In Oldham v. QBE Insurance (Europe) Ltd [2017] EWHC 3045 (Comm), the Commercial Court allowed a challenge to an arbitral award under section 68 of the Arbitration Act 1996 (the "AA”) on grounds of serious irregularity where the applicant had not been given a reasonable opportunity to make submissions as to costs.


Mr Oldham, an accountant and insolvency practitioner, was engaged in High Court proceedings for misappropriation of company property, which resulted in a judgment against him for a sum in excess of £1m.  Mr Oldham has appealed this judgment, and the appeal remains outstanding.

A separate dispute arose between Mr Oldham and QBE, Mr Oldham’s professional indemnity insurers, as to whether Mr Oldham’s policy covered his potential liability in the High Court proceedings.  This coverage dispute was submitted to arbitration.  In the meantime, QBE funded Mr Oldham’s costs in defending the High Court proceedings (the “Defence Costs”), pursuant to a clause in the insurance policy which required QBE to do so pending resolution of any dispute as to QBE’s liability to indemnify Mr Oldham.

The arbitrator rendered two awards in favour of QBE.  In the Part I award, the arbitrator held that the High Court proceedings were not covered by the policy, and ordered Mr Oldham to pay the costs of the arbitration.  Following the Part I award, QBE served costs submissions, requesting reimbursement of the Defence Costs from Mr Oldham and an interim payment on account of the costs of the arbitration.  Before expiry of the time within which Mr Oldham could submit reply submissions to the costs submissions, the arbitrator issued the Part II award, in which he ordered Mr Oldham to reimburse all Defence Costs to QBE within 28 days, and to make an interim payment of £70,000 on account of costs within 28 days.

Consequently, Mr Oldham brought an application under section 68 AA which, where the seat of arbitration is in England, allows an award to be challenged before the English courts on the ground of serious irregularity. In particular, he argued that he had not been given a reasonable opportunity to address (a) the award of costs in QBE’s favour; and (b) the payment on account of costs. Section 68 AA sets out a number of grounds upon which a “serious irregularity” may be established.  In this case the ground in issue was section 68(2)(a)AA, being a failure of the tribunal to comply with its general duty of fairness under section 33 AA.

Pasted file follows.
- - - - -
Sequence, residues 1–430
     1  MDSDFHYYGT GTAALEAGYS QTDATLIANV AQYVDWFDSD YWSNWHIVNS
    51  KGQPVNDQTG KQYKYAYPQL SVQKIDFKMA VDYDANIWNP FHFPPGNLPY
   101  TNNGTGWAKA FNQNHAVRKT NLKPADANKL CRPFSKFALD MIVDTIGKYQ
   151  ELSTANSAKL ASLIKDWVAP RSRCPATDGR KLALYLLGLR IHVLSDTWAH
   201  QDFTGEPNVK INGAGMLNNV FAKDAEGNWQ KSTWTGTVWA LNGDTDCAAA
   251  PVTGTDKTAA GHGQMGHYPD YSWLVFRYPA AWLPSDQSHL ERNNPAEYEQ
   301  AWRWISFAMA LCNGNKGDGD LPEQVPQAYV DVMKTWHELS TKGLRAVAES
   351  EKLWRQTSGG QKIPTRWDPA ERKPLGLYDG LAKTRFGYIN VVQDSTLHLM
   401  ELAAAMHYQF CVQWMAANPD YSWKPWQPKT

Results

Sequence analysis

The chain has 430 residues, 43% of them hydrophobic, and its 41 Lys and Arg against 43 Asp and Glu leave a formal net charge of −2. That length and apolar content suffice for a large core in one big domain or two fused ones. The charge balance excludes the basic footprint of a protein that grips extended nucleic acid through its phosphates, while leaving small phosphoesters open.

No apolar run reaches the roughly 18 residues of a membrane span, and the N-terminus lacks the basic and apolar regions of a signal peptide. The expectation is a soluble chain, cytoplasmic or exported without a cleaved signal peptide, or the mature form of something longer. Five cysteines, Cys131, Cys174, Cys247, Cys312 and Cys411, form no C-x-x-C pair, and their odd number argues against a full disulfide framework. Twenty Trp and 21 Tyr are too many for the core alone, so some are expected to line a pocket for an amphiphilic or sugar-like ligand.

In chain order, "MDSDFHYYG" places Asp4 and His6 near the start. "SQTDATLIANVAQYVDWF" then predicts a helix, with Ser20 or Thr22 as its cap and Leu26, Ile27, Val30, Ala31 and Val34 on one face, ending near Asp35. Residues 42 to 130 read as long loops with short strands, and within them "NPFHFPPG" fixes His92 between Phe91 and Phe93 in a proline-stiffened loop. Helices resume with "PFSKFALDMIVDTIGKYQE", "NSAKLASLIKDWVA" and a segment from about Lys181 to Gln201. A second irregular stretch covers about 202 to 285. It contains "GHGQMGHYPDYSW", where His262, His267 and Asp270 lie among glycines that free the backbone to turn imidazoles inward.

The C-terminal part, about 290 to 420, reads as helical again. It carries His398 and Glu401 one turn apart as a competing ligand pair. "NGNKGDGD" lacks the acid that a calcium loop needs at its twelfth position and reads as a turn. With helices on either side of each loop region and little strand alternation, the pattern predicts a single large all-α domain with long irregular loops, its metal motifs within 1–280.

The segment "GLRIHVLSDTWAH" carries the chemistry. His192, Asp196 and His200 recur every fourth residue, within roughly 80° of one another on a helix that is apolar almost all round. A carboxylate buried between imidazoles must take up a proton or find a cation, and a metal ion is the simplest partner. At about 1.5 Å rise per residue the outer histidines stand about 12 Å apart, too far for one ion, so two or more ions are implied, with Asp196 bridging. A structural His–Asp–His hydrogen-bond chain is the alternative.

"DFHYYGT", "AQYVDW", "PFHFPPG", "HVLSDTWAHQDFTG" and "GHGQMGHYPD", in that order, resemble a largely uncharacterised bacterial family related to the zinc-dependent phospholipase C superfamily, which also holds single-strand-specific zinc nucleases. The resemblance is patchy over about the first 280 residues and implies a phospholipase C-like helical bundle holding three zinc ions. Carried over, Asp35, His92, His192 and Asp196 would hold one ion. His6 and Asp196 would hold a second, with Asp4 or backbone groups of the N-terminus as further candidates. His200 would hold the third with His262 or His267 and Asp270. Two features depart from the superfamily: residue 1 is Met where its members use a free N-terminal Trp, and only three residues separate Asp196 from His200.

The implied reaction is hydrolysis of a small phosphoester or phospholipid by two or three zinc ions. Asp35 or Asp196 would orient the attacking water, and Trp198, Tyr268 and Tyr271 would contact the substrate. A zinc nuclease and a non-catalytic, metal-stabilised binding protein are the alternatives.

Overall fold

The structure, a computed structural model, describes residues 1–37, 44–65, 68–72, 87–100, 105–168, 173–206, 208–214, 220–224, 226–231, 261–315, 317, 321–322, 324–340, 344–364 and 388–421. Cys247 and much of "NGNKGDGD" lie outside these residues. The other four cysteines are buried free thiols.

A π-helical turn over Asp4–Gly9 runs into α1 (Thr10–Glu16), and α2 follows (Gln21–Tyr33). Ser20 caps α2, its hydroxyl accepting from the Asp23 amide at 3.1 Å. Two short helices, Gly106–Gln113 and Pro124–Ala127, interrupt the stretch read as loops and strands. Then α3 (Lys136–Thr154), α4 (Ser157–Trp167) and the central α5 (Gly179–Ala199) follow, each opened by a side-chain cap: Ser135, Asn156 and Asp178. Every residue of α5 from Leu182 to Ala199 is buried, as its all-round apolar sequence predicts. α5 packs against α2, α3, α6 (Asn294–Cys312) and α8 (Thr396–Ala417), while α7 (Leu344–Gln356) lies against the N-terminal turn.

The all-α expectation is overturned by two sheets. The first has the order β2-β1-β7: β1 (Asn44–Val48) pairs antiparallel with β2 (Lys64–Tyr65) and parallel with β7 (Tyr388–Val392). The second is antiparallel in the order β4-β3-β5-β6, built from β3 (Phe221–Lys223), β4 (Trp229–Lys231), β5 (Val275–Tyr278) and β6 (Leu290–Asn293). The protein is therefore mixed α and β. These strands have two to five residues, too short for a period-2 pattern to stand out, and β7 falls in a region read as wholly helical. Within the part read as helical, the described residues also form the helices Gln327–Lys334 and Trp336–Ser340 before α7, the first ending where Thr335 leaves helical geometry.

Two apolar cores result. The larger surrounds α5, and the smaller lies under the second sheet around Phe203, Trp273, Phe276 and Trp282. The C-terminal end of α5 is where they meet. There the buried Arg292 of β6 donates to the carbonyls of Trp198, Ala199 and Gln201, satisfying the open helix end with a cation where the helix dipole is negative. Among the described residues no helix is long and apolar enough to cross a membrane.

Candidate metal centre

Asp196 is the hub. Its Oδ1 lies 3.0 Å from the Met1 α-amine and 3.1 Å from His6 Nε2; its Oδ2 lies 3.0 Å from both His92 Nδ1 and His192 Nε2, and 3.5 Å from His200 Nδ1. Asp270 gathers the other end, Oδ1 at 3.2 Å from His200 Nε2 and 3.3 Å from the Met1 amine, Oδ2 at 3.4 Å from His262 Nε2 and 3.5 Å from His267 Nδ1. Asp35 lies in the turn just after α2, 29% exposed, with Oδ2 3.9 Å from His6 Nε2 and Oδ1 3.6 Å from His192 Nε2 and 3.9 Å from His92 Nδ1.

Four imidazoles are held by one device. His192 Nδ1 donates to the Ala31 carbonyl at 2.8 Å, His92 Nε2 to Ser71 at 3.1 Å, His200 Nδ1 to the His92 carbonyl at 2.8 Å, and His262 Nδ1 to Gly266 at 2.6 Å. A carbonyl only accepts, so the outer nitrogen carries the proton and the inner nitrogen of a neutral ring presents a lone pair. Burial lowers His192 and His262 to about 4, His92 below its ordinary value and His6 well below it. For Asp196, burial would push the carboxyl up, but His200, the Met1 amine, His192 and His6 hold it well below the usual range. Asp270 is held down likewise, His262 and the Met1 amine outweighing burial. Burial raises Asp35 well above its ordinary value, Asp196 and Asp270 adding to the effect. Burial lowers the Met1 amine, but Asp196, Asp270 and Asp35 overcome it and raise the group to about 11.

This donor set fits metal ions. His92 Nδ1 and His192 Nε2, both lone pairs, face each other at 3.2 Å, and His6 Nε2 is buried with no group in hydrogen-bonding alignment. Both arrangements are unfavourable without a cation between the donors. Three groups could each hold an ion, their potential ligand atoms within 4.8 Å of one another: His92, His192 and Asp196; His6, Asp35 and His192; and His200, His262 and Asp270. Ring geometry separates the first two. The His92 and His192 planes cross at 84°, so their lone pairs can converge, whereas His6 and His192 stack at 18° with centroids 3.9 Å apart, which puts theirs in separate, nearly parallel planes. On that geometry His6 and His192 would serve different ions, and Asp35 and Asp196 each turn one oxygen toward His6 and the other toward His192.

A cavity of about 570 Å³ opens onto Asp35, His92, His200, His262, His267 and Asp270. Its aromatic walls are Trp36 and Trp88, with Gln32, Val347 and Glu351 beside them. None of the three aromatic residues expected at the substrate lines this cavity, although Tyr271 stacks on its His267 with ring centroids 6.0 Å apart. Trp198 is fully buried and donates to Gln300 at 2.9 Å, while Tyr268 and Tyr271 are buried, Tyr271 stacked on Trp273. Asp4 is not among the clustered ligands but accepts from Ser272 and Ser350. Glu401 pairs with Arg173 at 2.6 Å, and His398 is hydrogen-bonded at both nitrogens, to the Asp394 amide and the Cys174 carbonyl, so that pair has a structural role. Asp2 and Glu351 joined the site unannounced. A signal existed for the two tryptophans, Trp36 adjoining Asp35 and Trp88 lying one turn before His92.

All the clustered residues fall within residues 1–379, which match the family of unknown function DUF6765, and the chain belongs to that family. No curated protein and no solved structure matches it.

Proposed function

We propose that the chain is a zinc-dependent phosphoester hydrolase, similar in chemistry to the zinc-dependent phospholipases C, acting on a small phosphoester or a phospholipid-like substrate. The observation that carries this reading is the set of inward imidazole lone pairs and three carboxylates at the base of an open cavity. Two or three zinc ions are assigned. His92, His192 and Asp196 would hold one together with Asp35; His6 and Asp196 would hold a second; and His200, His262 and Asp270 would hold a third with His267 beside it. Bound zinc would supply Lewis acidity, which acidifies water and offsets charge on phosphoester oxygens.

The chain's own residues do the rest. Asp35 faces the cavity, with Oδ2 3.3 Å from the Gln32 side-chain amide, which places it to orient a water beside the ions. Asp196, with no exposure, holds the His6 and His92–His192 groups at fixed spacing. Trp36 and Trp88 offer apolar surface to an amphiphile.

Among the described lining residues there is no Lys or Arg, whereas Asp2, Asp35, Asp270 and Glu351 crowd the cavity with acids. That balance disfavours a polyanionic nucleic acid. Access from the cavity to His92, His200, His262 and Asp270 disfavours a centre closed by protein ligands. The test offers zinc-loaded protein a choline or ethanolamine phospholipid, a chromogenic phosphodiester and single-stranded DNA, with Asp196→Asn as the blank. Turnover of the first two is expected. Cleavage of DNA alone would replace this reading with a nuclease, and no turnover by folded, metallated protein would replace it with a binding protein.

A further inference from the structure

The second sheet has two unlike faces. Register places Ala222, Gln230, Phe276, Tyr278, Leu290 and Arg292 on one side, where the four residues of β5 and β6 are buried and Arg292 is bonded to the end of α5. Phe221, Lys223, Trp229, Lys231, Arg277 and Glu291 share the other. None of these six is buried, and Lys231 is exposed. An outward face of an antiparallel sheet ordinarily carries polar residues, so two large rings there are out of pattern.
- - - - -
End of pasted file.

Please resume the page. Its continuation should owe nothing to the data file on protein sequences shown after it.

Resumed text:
The decision

Popplewell J allowed the challenge under section 68 AA, finding that there was a serious irregularity because Mr Oldham had been deprived of a reasonable opportunity to advance his arguments against the costs orders.

The judge held that, in order for a section 68 AA challenge to succeed on the basis of section 68(2)(a) AA, there must be: (a) a breach of section 33 AA (duty of the tribunal to act fairly and impartially as between the parties, giving each party a reasonable opportunity of putting his case); (b) amounting to a serious irregularity; (c) giving rise to substantial injustice.  He explained that the test involves a high threshold, and that only an extreme case would justify the court’s intervention.  There would generally be a breach of section 33 AA where the tribunal decides the case on the basis of a point which one party has not had a fair opportunity to deal with.  However, there must also be substantial injustice.  The applicant need not show the result would necessarily, or even probably, have been different, but that, had he had an opportunity to address the point, the tribunal might well have reached a different view.

In this instance, Popplewell J found that, given the opportunity, Mr Oldham would have argued that an order for costs should have been deferred until the resolution of the appeal of the High Court proceedings.  He also would have challenged both the timing and amount of the payment on account of costs he was ordered to make.  The failure of the arbitrator to give Mr Oldham the opportunity to address these arguments before rendering his awards was a serious irregularity, especially as Mr Oldham acted as a litigant in person and was in difficult financial circumstances.


This case provides useful clarification that a tribunal’s duty under section 33 AA to act fairly and impartially as between the parties applies to the tribunal’s decision on costs as well as to the substantive decision.  Whilst the threshold for mounting a section 68 AA challenge is high, this case demonstrates that, if one party is not given an opportunity to make submissions on costs, the award may be susceptible to challenge.

Joanne Finnegan

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